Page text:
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Polls indicate Liberals in good position in three of four upcoming by-elections

Liberal leader Justin Trudeau, right, greets candidate Emmanuel Dubourg, as he arrives to participate in a campaign rally in the Montreal riding of Bourassa on Nov. 12, 2013.


Liberals look set to hold their two seats and might pick up a third in the upcoming federal by-elections, according to a new poll.

Voters in four ridings cast their ballots Nov. 25, in Montreal's Bourassa riding, Toronto Centre, and Manitoba's Brandon-Souris and Provencher.

The biggest upset may be in the Tory stronghold of Brandon-Souris, where a new Forum poll has Liberal Rolf Dinsdale leading Conservative Larry Maguire 44 per cent to 36 per cent. That lead has grown slightly over the last month, in a riding once held by Mr. Dinsdale's father, a Progressive Conservative, for 31 years. The NDP's Cory Szczepanski was the pick of 9 per cent of respondents. The results, gathered by interactive voice response (IVR) telephone polling on Thursday, are considered accurate within four points, 19 times out of 20.

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If the Liberals do win the riding, it will be a massive jump in support from the last election. In 2011, the Liberal candidate in Brandon-Souris got 5 per cent of the vote, putting him in fourth behind the Greens.

The riding has been beset by allegations of Conservative infighting and controversy around the nomination process. NDP Leader Thomas Mulcair and Liberal Leader Justin Trudeau both visited Brandon-Souris to stump for their candidates on Wednesday.

The other potentially close race is the battle of journalists in Toronto Centre, where Liberal Chrystia Freeland, a former Reuters editor, had the support of 47 per cent of respondents, followed by 32 per cent for the NDP's Linda McQuaig of the Toronto Star. Conservative Geoff Pollock was the choice of 16 per cent of respondents.

In that riding, 832 respondents were contacted and the results are considered accurate within three points, 19 times out of 20. Rival pollster David Coletto of Abacus recently questioned the accuracy of IVR surveys conducted in Toronto Centre, one of the country's younger ridings, as the automated calls would target landlines and miss young residents who only have cellphones. In Forum's poll, older residents were more likely to vote Liberal, while those between 18 and 34 were split between the incumbents and the NDP.

Lorne Bozinoff, president of Forum Research, said in an interview that the way the firm weighted its results would correct any demographic issues.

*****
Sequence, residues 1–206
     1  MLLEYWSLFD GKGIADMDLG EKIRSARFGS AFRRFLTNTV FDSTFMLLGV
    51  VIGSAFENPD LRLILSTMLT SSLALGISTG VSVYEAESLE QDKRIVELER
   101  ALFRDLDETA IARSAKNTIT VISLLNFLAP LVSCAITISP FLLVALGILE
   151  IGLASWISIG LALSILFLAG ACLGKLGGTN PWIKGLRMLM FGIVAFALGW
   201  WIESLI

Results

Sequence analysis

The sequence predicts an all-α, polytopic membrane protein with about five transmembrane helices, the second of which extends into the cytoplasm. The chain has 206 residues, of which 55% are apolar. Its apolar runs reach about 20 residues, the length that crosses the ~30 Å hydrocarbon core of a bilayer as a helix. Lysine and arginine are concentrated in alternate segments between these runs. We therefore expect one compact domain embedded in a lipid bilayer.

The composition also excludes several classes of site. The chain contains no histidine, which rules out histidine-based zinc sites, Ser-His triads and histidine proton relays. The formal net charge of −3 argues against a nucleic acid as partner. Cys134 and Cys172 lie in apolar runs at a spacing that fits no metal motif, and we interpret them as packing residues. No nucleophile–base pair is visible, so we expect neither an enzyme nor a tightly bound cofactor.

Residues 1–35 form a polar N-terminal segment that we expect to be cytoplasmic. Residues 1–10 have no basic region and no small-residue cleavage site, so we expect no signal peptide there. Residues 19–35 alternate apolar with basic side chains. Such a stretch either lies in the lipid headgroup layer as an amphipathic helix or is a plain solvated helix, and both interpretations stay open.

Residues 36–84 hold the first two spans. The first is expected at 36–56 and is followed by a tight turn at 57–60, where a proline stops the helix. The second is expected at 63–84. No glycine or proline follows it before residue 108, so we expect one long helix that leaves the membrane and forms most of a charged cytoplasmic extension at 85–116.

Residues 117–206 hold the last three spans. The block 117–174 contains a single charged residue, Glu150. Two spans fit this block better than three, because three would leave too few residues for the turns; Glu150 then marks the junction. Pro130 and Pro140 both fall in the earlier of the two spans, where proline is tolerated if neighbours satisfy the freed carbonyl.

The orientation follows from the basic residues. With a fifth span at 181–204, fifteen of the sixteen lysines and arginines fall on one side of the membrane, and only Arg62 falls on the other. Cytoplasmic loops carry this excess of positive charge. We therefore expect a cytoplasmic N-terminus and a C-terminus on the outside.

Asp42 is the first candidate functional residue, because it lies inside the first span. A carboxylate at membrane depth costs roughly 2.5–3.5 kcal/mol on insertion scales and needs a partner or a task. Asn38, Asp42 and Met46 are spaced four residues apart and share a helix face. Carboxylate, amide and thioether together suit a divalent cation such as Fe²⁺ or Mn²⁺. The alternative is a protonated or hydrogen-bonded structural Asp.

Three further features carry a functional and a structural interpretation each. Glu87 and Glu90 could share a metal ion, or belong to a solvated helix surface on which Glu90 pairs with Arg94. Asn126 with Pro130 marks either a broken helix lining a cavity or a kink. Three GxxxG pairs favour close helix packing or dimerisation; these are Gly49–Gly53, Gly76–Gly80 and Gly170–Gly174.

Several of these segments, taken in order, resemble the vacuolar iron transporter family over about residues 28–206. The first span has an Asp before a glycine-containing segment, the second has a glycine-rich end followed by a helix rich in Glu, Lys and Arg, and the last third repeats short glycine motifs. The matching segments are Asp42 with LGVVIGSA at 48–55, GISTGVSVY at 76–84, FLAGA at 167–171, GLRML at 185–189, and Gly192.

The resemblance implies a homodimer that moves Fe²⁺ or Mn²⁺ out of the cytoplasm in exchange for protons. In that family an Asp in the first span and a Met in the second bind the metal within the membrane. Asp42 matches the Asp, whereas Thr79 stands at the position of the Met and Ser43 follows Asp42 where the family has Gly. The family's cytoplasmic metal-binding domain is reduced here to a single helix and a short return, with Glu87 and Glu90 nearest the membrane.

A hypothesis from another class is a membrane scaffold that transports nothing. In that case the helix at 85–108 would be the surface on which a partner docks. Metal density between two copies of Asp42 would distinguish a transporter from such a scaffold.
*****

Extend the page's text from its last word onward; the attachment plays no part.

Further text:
Forum correctly called the results of three federal by-elections held last fall.

The NDP's ground game and get-out-the-vote efforts may be the deciding factor in the riding, Mr. Bozinoff said, pointing to the provincial party's breakthrough in this summer's London West by-election.

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The Montreal riding of Bourassa, the site of intensifying campaigns between the Liberals and NDP, appears set to remain in the Liberal fold, with 50 per cent of respondents supporting Liberal and former MNA Emmanuel Dubourg and 21 per cent choosing the NDP's Stéphane Moraille, with the Bloc Québécois's Daniel Duranleau in a statistical tie with 20 per cent. The results are considered accurate within six points, 19 times out of 20.

Conservatives appeared to have a lock on former cabinet minister Vic Toews' riding of Provencher, with candidate Ted Falk consistently polling above 50 per cent. The Liberals were second in the poll with 30 per cent and the NDP followed at 10 per cent. The results are considered accurate within five points, 19 times out of 20.

The by-elections were triggered after four resignations over the summer: Liberal Denis Coderre, who ran for and won Montreal's mayoral election; former interim Liberal leader Bob Rae, who is representing First Nations in talks with the Ontario government about the Ring of Fire development; and Conservatives Merv Tweed and Mr. Toews, who both left electoral politics for the private sector.

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About the Author
Assistant editor, Ottawa

Chris Hannay is assistant editor in The Globe's Ottawa bureau and author of the daily Politics newsletter. Previously, he was The Globe and Mail's digital politics editor, community editor for news and sports (working with social media and digital engagement) and a homepage editor. More


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